Are you near a squirrel magnet?

A bird feeder or bird bath in your yard could attract the squirrels, so you may want to move it away from your vehicle. Also, Squirrels like to chew on soft materials like plastic and rubber. Check for any exposed components that might be tempting targets.

Are there signs of squirrel activity around your vehicle?

Chewed-up wires, nuts stored in engine compartments, or dents and scratches on the body, are all signs that squirrels have made a home in your car. 

Is the area around your car clean?

You’ll want to keep your vehicle clean and free of debris. Clutter may attract squirrels looking for a place to nest or hide.

If you can avoid attracting squirrels, you can minimize the risk of squirrel damage to your car. But it’s no guarantee, of course. All it takes is a powerful storm to send the furry critters running for shelter — under your car.

Should I take this case?

So what should we do with Davidson’s case? Here are the options:

Send the case to Avis

There’s a strong argument for advocating this case with Avis. The company could have treated the car with anti-rodent tape. A $40 investment could have prevented $6,758 in damage. But it didn’t, and now it wants one of its customers to pay for the resulting damage. 

Also, the bill PurCo sent to him is absurd. It’s charging $1,239 in junk fees that have absolutely nothing to do with the cost of repairing his vehicle. (Related: Double-billed by Avis for a van returned after hours.)

If Davidson refuses to pay, PurCo will almost certainly send him a threatening letter and then report him to a collection agency. He’ll also get added to Avis’ Do Not Rent list and will never be able to rent a vehicle from the company again.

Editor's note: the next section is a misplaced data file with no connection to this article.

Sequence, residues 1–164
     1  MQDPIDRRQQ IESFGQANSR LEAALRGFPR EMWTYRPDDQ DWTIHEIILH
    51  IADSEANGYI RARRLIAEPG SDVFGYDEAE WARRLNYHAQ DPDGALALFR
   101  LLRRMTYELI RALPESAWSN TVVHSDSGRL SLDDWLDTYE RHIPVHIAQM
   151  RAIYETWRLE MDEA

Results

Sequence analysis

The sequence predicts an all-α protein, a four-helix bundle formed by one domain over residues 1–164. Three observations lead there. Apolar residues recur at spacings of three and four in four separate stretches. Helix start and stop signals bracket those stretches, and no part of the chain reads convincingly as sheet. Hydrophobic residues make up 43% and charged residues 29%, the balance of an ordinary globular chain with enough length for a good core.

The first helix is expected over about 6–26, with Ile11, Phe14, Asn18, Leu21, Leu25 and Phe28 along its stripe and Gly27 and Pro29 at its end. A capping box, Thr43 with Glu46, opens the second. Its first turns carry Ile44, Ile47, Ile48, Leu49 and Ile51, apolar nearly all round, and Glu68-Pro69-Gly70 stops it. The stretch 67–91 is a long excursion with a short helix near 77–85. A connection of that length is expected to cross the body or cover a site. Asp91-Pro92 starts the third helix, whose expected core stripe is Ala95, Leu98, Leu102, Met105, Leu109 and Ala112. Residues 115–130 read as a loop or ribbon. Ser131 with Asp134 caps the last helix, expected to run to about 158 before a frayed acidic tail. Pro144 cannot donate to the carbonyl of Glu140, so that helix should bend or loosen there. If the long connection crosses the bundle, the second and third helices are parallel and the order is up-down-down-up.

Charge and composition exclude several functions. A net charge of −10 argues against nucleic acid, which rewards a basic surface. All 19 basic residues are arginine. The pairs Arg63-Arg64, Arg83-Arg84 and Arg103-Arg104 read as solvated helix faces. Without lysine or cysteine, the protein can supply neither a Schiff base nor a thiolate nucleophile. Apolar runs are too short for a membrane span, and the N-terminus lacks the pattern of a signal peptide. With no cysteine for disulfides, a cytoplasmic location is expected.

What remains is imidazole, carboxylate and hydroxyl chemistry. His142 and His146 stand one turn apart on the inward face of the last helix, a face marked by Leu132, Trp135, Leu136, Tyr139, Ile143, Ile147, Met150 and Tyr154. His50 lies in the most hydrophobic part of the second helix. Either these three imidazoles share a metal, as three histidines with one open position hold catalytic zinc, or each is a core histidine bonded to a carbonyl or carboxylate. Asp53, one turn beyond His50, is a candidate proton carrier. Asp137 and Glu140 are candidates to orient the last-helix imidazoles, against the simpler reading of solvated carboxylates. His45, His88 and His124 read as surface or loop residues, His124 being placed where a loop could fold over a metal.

Tell him to pay his bill

At the same time, Davidson accepted full responsibility for his car when he rented it from Avis. That means he’s responsible for anything that happens to the vehicle, even if it’s not his fault. Davidson isn’t disputing that the damage happened on his watch. (Related: How was she supposed to know her car would spontaneously combust?)

Also, Davidson should have had adequate car insurance. He says his State Farm agent goofed and sold him a policy that didn’t cover rodent infestations. But it’s still his responsibility to be properly insured. So as we look at his case, our team also feels Davidson should pay for the damage that was caused during his rental.

Here’s the outcome no one wants to see

There’s something my advocacy team would like to avoid. And that is seeing Davidson cough up $6,758, including all those administrative fees, because he’s afraid the company will damage his good credit rating or even take him to court. We believe consumers should take responsibility for their rental vehicles, but the bill PurCo sent him is nuts.

So what would you do? It’s time to vote.

Should we advocate Donald Davidson's case with Avis?

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Update (1/11/24): I contacted Avis and shared details of this case. Avis shared an invoice from the dealership that substantiated the repairs. However, since the driver had no insurance, I asked if the company could consider waiving some of the fees. In response, I received an email: “After further review of this matter, we are willing to waive the loss of use fees and change the admin fees to $250. Please let us know so we can contact Purco to adjust the fees.”

I’ll let you know if Davidson accepts the offer.

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Christopher Elliott

Christopher Elliott is the founder of Elliott Advocacy, a 501(c)(3) nonprofit organization that empowers consumers to solve their problems and helps those who can't. He's the author of numerous books on consumer advocacy and writes three nationally syndicated columns. He also publishes the Elliott Report, a news site for consumers, and Elliott Confidential, a critically acclaimed newsletter about customer service. If you have a consumer problem you can't solve, contact him directly through his advocacy website. You can also follow him on X, Facebook, and LinkedIn, or sign up for his daily newsletter. He is based in Panamá City.